I Know Logically …And Yet I Feel…

As I sit across from my clients, whether it be in person or via telehealth, the heaviness of the burdens my clients carry becomes all too clear.

Many clients report feeling simply exhausted by the struggle to loosen themselves from their trauma, depression, fear of abandonment, and so on. And for that single hour, they allow themselves, often hesitantly, to be present with the burdens and wounds that they’ve perhaps worked so hard to avoid.

Involved in this struggle, though, is coming to terms with oneself after having experienced something traumatic or painful. For those of us who continue to feel trapped in the past, for fear of enduring something traumatic again, it can often be difficult to buy into more adaptive beliefs about self. While many clients can logically say they are good enough, lovable, capable, safe in this present moment, etc., their emotional side doesn’t always feel that way. On the one hand we logically know that trauma exists in the past, and yet on the other hand it often doesn’t always feel that way.

An eagerness, and sometimes desperation, to move forward while also feeling stuck in the past is an all too real issue for many. In Eye Movement Desensitization and Reprocessing (EMDR) therapy, this is what we call a “blocking belief.”

As an EMDR practitioner myself, our goal is to support clients with processing the traumatic experiences that are causing problems and desensitizing emotionally-charged memories, beliefs, feelings, bodily sensations, etc. that are generally caused by unresolved earlier experiences (EMDRIA, 2020).

According to the EMDR International Association (EMDRIA), processing within EMDR involves “setting up a learning state that will allow experiences that are causing problems to be ‘digested’ and stored appropriately in your brain.” This means that what is useful to you, even from a traumatic experience, will be learned and stored with appropriate emotions in your brain, and will be able to guide you in positive ways in the future (EMDRIA, 2020).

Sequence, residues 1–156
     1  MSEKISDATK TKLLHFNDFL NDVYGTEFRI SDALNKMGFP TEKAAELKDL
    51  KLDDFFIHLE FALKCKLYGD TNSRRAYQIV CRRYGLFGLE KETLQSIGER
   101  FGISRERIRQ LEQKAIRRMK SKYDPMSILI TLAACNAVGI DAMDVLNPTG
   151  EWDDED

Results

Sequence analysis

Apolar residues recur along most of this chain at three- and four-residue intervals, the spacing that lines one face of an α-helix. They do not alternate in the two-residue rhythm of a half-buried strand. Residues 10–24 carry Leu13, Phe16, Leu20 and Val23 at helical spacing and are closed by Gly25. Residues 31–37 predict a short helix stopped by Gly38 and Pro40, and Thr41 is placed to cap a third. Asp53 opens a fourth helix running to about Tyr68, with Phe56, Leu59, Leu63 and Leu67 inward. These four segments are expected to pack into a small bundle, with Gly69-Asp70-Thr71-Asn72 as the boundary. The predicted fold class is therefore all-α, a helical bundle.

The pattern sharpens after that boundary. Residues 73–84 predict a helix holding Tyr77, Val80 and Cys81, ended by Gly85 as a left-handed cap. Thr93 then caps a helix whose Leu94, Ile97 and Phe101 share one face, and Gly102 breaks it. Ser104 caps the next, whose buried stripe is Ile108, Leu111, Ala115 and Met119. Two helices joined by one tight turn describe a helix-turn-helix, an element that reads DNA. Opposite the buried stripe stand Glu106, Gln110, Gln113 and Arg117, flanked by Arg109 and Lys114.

When we start to explore our core beliefs about ourselves, as well as the traumas that have influenced them, these blocking beliefs can emerge. The reasons for which we hold onto these blocking beliefs, however, are quite telling. Perhaps there’s a part of us that believes we need to hold onto some degree of fear, for example, to help us feel safe and prepared for future trauma events. Perhaps we hold onto a belief of “I’m not good enough,” so as to reduce the likelihood of social interactions and possible rejection from others. Or perhaps we hold onto a belief that if I heal this trauma or if I feel no disturbance whatsoever, I won’t be honoring parts of myself or parts of my life.

Reconciling what it may mean to let go of these negative, blocking beliefs and exploring the potential for healing is in fact possible within therapy and EMDR. As one navigates this struggle between logic and emotion, past and present, I think it is vital to offer oneself grace and compassion. When we give ourselves permission to heal, hope for a future free from the heaviness of what weighs us down grows!


EMDR International Association (2020). Experiencing EMDR Therapy.  https://www.emdria.org/about-emdr-therapy/experiencing-emdr-therapy/

Brandi SchmittBrandi Schmitt

Brandi Schmitt is an EMDR-trained Licensed Mental Health Counselor (LMHC) as well as a Nationally Certified Counselor (NCC), in our Waterloo office. Brandi takes a strengths-based, culturally-sensitive approach to counseling. While she prefers to work collaboratively to tailor therapy to meet each client’s unique needs, Brandi tends to enjoy treatment modalities such as Emotion Focused Therapy, Internal Family Systems, and EMDR. As an LMHC, Brandi’s diverse interest areas include: survivors of trauma/sexual abuse, grief and loss, personality disorders, low self-esteem, attachment issues, depression, and anxiety. Brandi enjoys empowering clients to rediscover their own unique strengths and resources as a means to promote healing.